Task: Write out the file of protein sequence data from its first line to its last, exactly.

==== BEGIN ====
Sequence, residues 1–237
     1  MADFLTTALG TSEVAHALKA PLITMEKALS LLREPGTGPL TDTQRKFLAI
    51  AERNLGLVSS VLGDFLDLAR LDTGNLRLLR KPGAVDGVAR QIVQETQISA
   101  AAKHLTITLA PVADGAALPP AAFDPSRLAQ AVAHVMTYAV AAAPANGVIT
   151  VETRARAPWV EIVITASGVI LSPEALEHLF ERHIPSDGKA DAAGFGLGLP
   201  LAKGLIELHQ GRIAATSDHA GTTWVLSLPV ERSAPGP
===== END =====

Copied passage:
Sequence, residues 1–237
     1  MADFLTTALG TSEVAHALKA PLITMEKALS LLREPGTGPL TDTQRKFLAI
    51  AERNLGLVSS VLGDFLDLAR LDTGNLRLLR KPGAVDGVAR QIVQETQISA
   101  AAKHLTITLA PVADGAALPP AAFDPSRLAQ AVAHVMTYAV AAAPANGVIT
   151  VETRARAPWV EIVITASGVI LSPEALEHLF ERHIPSDGKA DAAGFGLGLP
   201  LAKGLIELHQ GRIAATSDHA GTTWVLSLPV ERSAPGP